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I noticed today, after being reminded of the episode in The Fellowship of the Ring, when Strider and the hobbits are crossing the Midgewater Marshes, where they hear countless noisy insects,

There were thousands of them, and they squeaked all round, neek-breek, breek-neek...

for which Sam coins the name "neekerbreekers," the name is awfully similar to the name of the Black Dwarf in Prince Caspian: Nikabrik (especially given the non-rhotic English spoken by the two Oxford don authors).

The similarity seems unlikely to be a coincidence, since Tolkien and Lewis were good friends. However, I am wondering whether there is any more information about the similar names, especially who came up with the sound first. Prince Caspian was published in 1951, so after most of The Fellowship of the Ring was written, but before it was published. Given this timeframe, and since Tolkien’s usage has an in-story onomatopoetic origin, while Lewis’s apparently does not (and as this blog post points out, the way Tolkien uses the name is also suggestive of nicker for a water spirit), my initial guess would be that Tolkien coined the name first, but I wonder if there is any additional information either way.

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    So the main question you want answered is who came up with the “sound” nikuh first? I’m not sure how detailed you think the detailed notes of there works have been documented but you seem to be hoping for some excruciating detail. You may however just be asking how they coined similar sounding names, which is likely far easier to answer.
    – Edlothiad
    Apr 24, 2020 at 6:04
  • @Edlothiad One of the early drafts in HoME might have the Midgewater Marshes scene. I don't recall it at the moment, however.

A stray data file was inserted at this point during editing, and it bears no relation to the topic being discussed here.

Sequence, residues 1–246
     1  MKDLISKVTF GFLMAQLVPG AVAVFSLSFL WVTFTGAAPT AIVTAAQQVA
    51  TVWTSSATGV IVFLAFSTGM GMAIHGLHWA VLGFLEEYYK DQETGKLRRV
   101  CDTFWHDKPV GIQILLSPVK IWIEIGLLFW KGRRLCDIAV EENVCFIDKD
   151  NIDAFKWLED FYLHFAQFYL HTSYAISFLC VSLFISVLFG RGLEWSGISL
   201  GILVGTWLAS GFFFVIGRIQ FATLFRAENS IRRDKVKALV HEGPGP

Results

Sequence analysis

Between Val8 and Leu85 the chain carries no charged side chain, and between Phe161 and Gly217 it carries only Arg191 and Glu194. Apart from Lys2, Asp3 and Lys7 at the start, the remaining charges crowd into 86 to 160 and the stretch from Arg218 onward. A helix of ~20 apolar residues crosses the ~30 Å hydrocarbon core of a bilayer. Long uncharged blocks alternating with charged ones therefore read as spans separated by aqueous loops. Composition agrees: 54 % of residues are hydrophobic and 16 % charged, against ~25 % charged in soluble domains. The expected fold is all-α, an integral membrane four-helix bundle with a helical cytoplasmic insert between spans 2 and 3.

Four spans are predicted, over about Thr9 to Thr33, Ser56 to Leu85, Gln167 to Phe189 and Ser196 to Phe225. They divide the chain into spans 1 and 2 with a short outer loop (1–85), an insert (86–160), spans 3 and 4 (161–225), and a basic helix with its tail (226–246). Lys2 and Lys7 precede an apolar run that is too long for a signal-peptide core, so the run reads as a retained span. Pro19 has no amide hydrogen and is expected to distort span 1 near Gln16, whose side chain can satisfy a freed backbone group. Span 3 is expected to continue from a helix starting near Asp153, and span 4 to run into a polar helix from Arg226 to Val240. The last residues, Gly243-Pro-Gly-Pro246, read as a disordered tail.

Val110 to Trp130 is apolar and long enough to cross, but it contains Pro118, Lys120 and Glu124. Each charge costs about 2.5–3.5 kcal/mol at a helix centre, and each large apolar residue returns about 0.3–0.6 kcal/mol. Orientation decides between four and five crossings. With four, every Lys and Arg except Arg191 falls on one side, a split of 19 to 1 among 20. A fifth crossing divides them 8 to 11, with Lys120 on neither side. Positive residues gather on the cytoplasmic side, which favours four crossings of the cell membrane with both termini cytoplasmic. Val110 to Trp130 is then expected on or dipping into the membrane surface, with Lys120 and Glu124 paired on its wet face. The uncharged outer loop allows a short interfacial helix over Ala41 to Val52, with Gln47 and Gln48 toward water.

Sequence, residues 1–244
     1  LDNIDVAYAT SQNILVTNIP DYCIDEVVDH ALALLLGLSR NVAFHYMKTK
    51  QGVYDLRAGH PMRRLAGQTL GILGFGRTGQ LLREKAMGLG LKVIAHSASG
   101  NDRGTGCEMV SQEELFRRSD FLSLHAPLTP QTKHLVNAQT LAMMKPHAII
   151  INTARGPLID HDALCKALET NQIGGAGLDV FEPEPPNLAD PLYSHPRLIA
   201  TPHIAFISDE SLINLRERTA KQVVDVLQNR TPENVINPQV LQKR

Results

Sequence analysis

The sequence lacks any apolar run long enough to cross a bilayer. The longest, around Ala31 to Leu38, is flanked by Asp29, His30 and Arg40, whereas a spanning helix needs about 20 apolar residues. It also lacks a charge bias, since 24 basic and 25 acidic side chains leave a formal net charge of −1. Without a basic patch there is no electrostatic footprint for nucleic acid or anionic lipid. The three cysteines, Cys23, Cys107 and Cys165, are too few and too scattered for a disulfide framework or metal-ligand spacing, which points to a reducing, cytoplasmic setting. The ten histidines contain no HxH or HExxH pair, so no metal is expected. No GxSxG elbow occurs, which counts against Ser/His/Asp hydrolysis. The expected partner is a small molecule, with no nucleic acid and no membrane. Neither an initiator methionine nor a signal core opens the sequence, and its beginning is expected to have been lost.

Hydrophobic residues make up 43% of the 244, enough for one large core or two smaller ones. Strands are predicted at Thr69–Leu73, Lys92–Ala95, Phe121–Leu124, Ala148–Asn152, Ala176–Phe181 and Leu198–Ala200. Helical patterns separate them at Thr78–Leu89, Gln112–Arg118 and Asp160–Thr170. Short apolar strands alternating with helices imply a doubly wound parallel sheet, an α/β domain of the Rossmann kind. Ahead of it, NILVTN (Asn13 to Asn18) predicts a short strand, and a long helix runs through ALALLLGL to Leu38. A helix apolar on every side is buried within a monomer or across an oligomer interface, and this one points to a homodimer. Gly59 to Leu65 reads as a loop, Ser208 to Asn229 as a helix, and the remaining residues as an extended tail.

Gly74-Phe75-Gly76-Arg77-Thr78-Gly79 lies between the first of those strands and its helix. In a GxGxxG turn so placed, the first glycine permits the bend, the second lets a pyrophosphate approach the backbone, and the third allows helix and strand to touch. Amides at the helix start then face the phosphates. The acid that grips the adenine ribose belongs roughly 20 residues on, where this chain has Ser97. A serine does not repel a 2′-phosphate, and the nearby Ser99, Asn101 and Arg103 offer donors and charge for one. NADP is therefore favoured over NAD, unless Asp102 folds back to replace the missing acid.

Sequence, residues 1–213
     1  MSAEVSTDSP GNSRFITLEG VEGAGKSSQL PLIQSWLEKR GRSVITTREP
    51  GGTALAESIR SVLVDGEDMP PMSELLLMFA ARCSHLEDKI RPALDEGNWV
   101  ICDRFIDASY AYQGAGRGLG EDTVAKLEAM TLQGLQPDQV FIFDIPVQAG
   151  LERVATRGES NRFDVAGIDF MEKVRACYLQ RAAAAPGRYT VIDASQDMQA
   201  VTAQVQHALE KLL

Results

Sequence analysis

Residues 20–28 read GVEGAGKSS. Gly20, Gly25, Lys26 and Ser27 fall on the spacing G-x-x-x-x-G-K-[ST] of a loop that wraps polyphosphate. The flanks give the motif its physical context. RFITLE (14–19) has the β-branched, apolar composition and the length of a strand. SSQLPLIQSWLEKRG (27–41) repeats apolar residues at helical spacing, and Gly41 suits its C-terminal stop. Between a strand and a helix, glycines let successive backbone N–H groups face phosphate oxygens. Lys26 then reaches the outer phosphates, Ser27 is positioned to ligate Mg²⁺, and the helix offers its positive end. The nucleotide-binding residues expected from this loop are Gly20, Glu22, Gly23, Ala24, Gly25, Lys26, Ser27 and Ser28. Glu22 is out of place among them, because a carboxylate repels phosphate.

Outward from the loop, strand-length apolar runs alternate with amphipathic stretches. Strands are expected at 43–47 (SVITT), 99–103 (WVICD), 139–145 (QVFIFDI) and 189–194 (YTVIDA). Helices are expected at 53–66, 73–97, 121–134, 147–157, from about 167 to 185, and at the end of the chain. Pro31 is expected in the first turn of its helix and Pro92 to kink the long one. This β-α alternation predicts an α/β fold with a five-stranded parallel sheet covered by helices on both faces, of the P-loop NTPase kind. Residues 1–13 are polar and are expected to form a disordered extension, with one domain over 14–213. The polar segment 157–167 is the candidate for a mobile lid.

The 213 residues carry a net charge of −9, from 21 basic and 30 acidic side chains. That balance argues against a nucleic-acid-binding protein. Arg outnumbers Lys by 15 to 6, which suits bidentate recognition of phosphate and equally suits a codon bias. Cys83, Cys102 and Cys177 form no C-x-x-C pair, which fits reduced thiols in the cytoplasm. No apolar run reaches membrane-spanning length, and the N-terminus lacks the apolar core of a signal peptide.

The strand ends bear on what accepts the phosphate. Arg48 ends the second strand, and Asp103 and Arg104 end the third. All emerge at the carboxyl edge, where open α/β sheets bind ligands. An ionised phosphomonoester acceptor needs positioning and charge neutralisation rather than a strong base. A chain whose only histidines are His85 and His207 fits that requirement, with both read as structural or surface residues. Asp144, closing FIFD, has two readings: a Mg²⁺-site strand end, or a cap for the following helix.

– Spencer
    Apr 25, 2020 at 14:19
  • Tolkien says in his guide to translators that the name is purely onomatopoetic (and should thus be translated to an equivalent insect sound in the target language).
    – ibid
    Dec 6, 2021 at 2:20

1 Answer 1

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C. S. Lewis is already known to have borrowed words from Tolkien.

As you may recall, Tolkien and Lewis were part of an Oxford literary group called the "Inklings". At their meetings, members would sometimes read the stuff they were working on to each other.

As related by Tolkien in Letter 169:

Your discovery of 'Numinor' in C.S.L.'s That Hideous Strength is discovery of a plagiarism: well, not that, since he used the word, taken from my legends of the First and Second Ages, in the belief that they would soon appear. They have not, but I suppose now they may. The spelling Numinor is due to his hearing it and not seeing it.

There are several references to "Numinor" in That Hideous Strength:

“What common measure is there,” he would ask, “between ceremonial occultists like Faustus and Prospero and Archimago with their midnight studies, their forbidden books, their attendant fiends or elementals, and a figure like Merlin who seems to produce his results simply by being Merlin?” And Ransom agreed. He thought that Merlin’s art was the last survival of something older and different — something brought to Western Europe after the fall of Numinor and going back to an era in which the general relations of mind and matter on this planet had been other than those we know.

But Lewis acknowledges this in his preface:

Those who would like to learn further about Numinor and the True West must (alas!) await the publication of much that still exists only in the MSS. of my friend, Professor J.R.R. Tolkien.

Tolkien's Alkallabêth, or the "Downfall of Númenor," started as part of an aborted joint project where Tolkien would write a "time travel" story and Lewis would tell a "space travel" story. The "space travel" story resulted in Lewis's Space Trilogy: Out of the Silent Planet, Perelandra, and That Hideous Strength.

Alkallabêth, as you probably know, was only published posthumously, as part of his son Christopher's best reconstruction of Tolkien's legendarium, but LotR contains references to Númenor.

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    While you are correct, you've provided no additional information on who coined the term and from where it came?
    – Edlothiad
    Apr 25, 2020 at 20:31
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    @Edlothiad Yes, this is just circumstantial evidence a bit stronger than Tolkien and Lewis "being friends". I might dig out the HoME books and take a look in them, but your comment to OP underscores the difficulty of getting evidence that specific.
    – Spencer
    Apr 25, 2020 at 21:17
  • @Edlothiad Assuming there is a "term" and not mere coincidence.
    – Spencer
    Apr 25, 2020 at 21:29
  • It's why I withheld an answer before they responded.
    – Edlothiad
    Apr 25, 2020 at 21:38

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